About - Dear Diary Expo
page-template,page-template-full_width,page-template-full_width-php,page,page-id-61,edgt-core-1.0.1,ajax_fade,page_not_loaded,,dear diary expo-child-ver-1.0.0,hudson-ver-2.2, vertical_menu_with_scroll,smooth_scroll,blog_installed,wpb-js-composer js-comp-ver-6.7.0,vc_responsive


Spring 2019

Clare Brant will be speaking at a British Library Study Day:


And Polly North will be speaking, also at the British Library, on diaries from the Great Diary Project:


The exhibition is a collaboration between the Centre for Life-Writing Research at King’s College London and the Great Diary Project, co-directed by Professor Clare Brant, King’s and Dr Polly North, Director, The Great Diary Project. The exhibition is supported by Cultural Programming, King’s. King’s College London would like to thank all the galleries and individuals who have so generously lent and contributed to the exhibition. All endeavors have been made to obtain permission for all exhibition items. The exhibition draws on the expertise of the European Research Council funded Ego-Media research group at King’s, which investigates life writing in the digital age.

Information about the exhibition directors and partners:

Dr Polly North

Director, The Great Diary Project



The Great Diary Project was launched in 2007 by two diary devotees, Dr Irving Finkel and Dr Polly North. The project archives and curates a growing collection of more than 7,250 diaries, including those of an eighteenth century tin miner, a First World War cattle farmer and a twentieth century fashion designer.

Most of our diarists are completely unknown to the public, but extraordinary all the same. Most wrote in private, with themselves their only audience, and their writing is therefore intimate, but also of great social value.

People’s diaries are at risk. Even life-long diary-keepers frequently make no provision for the preservation of their writing. These works often house a lot of dust and some spiders; often they are bulky and near-illegible. Some descendants seek out the GDP to take on cherished but awkward diaries; sometimes we rescue diaries from skips. Previously loved or unloved, we preserve them as important items of everyone’s history.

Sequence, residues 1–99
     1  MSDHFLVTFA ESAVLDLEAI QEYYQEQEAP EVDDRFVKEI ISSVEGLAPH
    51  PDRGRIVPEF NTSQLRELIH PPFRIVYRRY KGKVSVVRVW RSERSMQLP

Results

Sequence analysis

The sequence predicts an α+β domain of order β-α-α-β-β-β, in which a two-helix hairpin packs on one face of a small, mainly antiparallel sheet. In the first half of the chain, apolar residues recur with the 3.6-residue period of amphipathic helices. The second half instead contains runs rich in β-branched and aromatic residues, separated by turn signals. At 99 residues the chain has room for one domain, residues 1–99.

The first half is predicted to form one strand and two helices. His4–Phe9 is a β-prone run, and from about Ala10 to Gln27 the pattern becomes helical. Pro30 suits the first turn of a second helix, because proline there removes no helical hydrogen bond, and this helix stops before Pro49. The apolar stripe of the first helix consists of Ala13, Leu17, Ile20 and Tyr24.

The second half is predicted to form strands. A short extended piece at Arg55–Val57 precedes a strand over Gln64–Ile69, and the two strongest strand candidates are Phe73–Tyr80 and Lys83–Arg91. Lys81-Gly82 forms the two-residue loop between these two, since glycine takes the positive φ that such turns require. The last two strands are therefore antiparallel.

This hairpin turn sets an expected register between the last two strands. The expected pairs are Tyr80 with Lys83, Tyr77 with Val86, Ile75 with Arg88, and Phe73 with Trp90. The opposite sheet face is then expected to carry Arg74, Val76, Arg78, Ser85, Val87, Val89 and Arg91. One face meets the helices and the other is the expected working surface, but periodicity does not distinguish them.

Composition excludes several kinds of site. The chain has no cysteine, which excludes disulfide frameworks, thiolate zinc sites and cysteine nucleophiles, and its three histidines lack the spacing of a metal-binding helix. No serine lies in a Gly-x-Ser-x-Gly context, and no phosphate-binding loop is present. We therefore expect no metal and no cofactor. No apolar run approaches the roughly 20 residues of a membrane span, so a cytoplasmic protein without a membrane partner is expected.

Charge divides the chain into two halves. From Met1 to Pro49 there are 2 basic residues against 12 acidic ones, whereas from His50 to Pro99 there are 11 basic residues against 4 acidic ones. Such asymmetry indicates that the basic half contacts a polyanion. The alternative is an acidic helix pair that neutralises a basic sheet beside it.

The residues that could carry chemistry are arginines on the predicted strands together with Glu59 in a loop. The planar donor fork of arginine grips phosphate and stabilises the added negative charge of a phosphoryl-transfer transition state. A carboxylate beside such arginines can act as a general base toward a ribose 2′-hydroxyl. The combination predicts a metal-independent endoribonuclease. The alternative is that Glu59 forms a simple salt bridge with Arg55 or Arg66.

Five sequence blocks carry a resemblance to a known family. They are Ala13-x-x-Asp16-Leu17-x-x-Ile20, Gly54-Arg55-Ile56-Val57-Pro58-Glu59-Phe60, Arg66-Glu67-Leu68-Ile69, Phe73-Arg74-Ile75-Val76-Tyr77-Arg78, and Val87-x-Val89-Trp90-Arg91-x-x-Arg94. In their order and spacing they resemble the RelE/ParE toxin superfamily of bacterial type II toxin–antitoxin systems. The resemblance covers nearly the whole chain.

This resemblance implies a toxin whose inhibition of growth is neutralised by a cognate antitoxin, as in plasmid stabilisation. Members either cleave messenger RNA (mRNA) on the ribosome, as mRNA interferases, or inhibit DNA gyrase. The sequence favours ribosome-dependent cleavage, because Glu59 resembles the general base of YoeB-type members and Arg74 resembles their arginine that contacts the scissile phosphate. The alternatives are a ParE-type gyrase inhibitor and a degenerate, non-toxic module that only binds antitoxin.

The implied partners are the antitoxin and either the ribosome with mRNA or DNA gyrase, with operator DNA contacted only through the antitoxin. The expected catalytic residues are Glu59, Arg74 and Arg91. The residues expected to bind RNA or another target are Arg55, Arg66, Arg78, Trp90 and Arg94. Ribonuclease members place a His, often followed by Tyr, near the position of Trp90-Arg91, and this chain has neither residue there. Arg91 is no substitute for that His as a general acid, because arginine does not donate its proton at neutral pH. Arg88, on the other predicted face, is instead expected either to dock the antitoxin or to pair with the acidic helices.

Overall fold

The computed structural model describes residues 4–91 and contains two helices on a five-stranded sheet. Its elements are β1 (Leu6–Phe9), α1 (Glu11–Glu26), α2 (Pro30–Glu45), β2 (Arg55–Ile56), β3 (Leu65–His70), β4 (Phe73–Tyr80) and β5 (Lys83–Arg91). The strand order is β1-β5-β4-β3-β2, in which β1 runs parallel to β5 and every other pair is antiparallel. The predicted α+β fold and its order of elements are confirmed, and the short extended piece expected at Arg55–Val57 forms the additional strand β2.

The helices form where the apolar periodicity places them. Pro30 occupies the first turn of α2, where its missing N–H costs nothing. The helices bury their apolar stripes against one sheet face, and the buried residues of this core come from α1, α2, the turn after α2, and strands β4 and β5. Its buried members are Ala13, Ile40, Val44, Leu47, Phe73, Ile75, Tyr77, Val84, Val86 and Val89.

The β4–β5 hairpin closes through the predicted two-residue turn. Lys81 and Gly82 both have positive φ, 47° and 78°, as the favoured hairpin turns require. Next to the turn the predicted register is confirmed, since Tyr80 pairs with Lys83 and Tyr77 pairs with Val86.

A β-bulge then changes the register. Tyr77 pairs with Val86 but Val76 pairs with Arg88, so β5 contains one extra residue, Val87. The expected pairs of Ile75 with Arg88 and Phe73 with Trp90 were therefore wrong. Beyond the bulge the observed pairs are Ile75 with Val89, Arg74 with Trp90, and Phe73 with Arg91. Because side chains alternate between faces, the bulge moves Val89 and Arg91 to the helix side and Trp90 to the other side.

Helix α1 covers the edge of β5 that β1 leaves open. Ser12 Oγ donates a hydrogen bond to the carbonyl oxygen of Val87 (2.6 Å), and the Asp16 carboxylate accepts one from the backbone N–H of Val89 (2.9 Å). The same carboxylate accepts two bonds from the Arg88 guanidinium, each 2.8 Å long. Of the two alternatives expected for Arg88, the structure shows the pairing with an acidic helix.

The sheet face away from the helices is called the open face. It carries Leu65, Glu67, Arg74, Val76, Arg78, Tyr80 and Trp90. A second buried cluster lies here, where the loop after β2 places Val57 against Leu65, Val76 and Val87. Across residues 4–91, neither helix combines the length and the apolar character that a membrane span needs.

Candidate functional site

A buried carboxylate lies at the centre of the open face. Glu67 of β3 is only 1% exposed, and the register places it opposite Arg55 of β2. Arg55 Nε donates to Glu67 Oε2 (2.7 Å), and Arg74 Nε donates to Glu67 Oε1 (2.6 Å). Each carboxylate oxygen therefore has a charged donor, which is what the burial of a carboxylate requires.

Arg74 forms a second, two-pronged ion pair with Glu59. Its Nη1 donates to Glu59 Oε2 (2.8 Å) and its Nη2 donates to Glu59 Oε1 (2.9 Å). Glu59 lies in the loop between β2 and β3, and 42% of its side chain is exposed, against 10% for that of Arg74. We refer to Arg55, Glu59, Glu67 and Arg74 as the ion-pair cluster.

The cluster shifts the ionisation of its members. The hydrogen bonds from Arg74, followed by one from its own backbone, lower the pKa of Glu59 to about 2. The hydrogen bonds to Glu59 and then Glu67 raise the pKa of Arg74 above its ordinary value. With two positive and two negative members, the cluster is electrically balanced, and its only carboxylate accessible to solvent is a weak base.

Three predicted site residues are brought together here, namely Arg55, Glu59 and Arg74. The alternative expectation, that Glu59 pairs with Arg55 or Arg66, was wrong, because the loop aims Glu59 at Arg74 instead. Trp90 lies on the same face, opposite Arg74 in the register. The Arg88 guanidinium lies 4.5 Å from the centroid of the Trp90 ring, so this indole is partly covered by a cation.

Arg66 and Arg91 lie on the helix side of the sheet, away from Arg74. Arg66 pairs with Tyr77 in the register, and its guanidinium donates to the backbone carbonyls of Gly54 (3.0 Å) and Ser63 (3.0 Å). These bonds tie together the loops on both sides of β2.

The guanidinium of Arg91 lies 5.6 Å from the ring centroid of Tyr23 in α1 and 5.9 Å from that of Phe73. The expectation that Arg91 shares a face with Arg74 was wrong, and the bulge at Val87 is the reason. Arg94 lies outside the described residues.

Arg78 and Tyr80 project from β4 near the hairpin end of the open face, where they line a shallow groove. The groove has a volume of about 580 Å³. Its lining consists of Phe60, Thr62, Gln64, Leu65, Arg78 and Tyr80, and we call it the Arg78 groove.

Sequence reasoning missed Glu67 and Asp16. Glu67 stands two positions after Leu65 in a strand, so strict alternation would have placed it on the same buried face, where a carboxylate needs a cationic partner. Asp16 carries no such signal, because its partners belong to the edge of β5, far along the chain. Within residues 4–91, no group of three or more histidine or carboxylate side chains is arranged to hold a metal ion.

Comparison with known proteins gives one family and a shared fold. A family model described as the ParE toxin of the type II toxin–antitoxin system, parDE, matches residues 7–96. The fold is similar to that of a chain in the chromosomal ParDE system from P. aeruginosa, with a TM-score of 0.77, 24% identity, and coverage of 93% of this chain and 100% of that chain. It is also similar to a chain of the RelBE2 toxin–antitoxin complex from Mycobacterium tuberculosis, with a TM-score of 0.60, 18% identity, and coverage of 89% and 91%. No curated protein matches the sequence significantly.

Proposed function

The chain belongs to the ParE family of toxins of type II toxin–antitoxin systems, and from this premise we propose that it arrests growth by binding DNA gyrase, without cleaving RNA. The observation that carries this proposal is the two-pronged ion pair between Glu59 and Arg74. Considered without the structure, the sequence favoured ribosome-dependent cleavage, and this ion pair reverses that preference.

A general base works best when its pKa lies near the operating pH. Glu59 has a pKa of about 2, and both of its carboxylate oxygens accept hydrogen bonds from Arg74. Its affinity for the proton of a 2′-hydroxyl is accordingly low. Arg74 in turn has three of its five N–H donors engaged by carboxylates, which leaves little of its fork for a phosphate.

All our diaries are catalogued for the Project database, the contents of which are freely available to researchers and interested readers, who are welcome to consult the originals in Bishopsgate Institute’s reading room.



Ego-Media is a five-year project funded by the European Research Council to assess the impact of digital and social media upon the practices and experiences of life writing and related modes of ego narrative. I combines life writing  and new media theory to explore the networked self in forms including vlogs, blogs, social media platforms and apps and other online sites.


We are exploring the relationship between online activity and diary keeping. Would you like to participate in this research by contributing to our DiaryBox?


– How do you document your life online – and how do you feel about it?

– How have digital and social media changed the way you present yourself?

– Who do you post for?

– What’s the future of the diary?

Share your thoughts. This could be in the form of:

  • a written account of your digital day (or night!)
  • a snapshot of your browser history with any comments you have
  • a narrative in another medium

Cultural Programming, King’s College London


The Centre for Life-Writing Research


Cultural Programming at King’s engages the public with the work of the university, curating creative spaces at the interface between King’s and London by bringing together academics, artists, cultural partners and students to stimulate curiosity, provoke new thinking and support leading-edge collaborations.


The Centre for Life-Writing Research is a pioneering group producing some of the most innovative work in the field. Established in 2007, and now part of the Arts & Humanities Research Institute, it enables experts and students to share research and exchange ideas with a wider audience.

We work on all sorts of topics and periods covering a wide range of genres –biography,  autobiography, autofiction, diaries and  letters, memoirs, digital life-writing (including social media, blogs, audio and video), the visual arts (especially portraiture), poetry and medical narratives (including case histories). What connects us is an interest in the theory, history and practice of life-writing.

The Department of English, King’s College London


As one of the oldest and most distinguished English departments in the United Kingdom, we welcome students into a large and dynamic community that is a cornerstone of the arts and humanities at King’s.  Studying in our department means learning alongside other talented students who excel in their creative and critical thinking.  Our students are taught and supervised by academics whose research encompasses both the traditions of English literature and its latest innovations.  Our undergraduates enjoy a syllabus that spans from the seventh century to the present day and includes literature from English speaking countries across the world.  We study English literature in all its periods, genres, styles and manifestations, and, crucially, we seek to make important connections across all of these.  Moreover our students receive teaching shaped by top quality research; research in our department achieved a ‘power’ ranking of 8th in the UK in the 2014 Research Excellence Framework, which assesses the quality and quantity of research across the UK’s universities. That means that our full-time Faculty are among the leading scholars in their chosen fields, regularly publishing new insights and interpretations.